DHFL 9.25% Non-Convertible Debentures (NCDs) – August 2016 Tranche II Review

This post is written by Shiv Kukreja, who is a Certified Financial Planner and runs a financial planning firm, Ojas Capital in Delhi/NCR. He can be reached at skukreja@investitude.co.in

In the absence of any fresh supply of tax-free bonds, investors are lapping up non-convertible debentures (NCDs) like never before. In its last issue in the first week of August, DHFL (Dewan Housing Finance Limited) received applications worth Rs. 18,651 crore as against Rs. 4,000 crore worth of NCDs on offer. Nobody, including the management of DHFL, expected such a huge demand which poured in from all categories of investors.

To capitalise on such a big appetite for debt instruments and an abundant liquidity in the system, DHFL is bringing one more issue of its NCDs from the coming Monday i.e. 29th August. The investors will be offered a slightly lower rate of interest between 9.10% to 9.25% for a period of 3 years, 5 years and 7 years.

Issue Closing Date – September 12 is the official date of this issue getting closed. But, if you want to invest in these NCDs, you should not wait for this date as the issue is not likely to remain open for that long. Going by the response DHFL NCDs got in its first issue, I don’t think it should remain open for more than 5 working days.

Issue Size – After getting a bumper response to its previous issue of Rs. 4,000 crore, DHFL is overwhelmed and does not want to miss the opportunity to cash in on this craze for its NCDs. So, the company has decided to launch an even bigger issue of Rs. 10,000 crore this time around. Base size of the issue is Rs. 2,000 crore and there is a green shoe option to retain Rs. 8,000 crore more.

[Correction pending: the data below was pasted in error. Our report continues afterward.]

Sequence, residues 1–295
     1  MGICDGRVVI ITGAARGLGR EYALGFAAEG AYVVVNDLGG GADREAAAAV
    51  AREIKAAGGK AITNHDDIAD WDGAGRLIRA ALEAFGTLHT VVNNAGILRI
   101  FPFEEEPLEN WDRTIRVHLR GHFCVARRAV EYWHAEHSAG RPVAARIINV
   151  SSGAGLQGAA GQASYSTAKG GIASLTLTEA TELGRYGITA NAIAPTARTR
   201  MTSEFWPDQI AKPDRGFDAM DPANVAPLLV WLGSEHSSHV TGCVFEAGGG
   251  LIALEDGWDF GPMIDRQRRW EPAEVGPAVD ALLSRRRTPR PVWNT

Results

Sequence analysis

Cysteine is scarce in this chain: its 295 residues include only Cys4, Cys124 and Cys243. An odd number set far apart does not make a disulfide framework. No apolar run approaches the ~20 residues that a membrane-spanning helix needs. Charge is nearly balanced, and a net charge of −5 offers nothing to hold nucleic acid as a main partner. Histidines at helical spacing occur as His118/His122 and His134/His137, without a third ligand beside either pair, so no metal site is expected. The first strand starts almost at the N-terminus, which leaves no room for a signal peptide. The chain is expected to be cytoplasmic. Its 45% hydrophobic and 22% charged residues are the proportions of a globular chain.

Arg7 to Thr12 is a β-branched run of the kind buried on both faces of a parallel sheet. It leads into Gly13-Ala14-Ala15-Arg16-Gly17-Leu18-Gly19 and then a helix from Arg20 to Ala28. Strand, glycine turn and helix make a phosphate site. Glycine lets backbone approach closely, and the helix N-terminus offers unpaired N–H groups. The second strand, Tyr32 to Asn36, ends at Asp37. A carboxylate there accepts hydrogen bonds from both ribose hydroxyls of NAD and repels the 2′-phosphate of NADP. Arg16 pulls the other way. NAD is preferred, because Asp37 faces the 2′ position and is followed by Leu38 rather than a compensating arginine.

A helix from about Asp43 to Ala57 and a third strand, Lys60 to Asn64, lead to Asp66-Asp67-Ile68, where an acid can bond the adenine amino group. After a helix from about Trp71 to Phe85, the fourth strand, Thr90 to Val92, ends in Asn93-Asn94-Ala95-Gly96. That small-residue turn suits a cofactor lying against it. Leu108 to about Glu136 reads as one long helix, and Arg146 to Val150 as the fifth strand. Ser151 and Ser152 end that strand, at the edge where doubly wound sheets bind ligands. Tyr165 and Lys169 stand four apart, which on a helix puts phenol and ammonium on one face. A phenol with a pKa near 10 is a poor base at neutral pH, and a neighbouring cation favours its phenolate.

Coupon Rate & Tenor of the Issue – The issue will carry coupon rate of 9.10% p.a. for an investment period of 3 years (36 months), 9.20% p.a. for 5 years (60 months) and 9.25% p.a. for 7 years (84 months). Interest will be paid compulsorily on an annual basis every year. Monthly interest and cumulative interest options are not there this time around.


Credit Rating & Nature of NCDs – CARE and Brickwork Ratings have rated this issue as ‘AAA’ with a ‘Stable’ outlook. ‘AAA’ rated debt instruments are considered to be the safest from credit default point of view. Moreover, these NCDs are ‘Secured’ in nature and investors with such secured NCDs have the right on certain assets of the issuer in case of any financial trouble for the company.

Objective of the Issue – DHFL plans to use the issue proceeds for its lending and financing activities, to repay interest and principal of its existing borrowings and other general corporate purposes.

Categories of Investors & Allocation Ratio – The investors have been classified in the following four categories and each category will be allocated NCDs as per the percentages fixed for them:

Category I – Qualified Institutional Bidders (QIBs) – 30% of the issue i.e. Rs. 3,000 crore

Category II – Non-Institutional Investors (NIIs) – 10% of the issue i.e. Rs. 1,000 crore

Category III – High Net Worth Individuals (HNIs) including HUFs – 30% of the issue is reserved i.e. Rs. 3,000 crore

Category IV – Resident Indian Individuals including HUFs – 30% of the issue is reserved i.e. Rs. 3,000 crore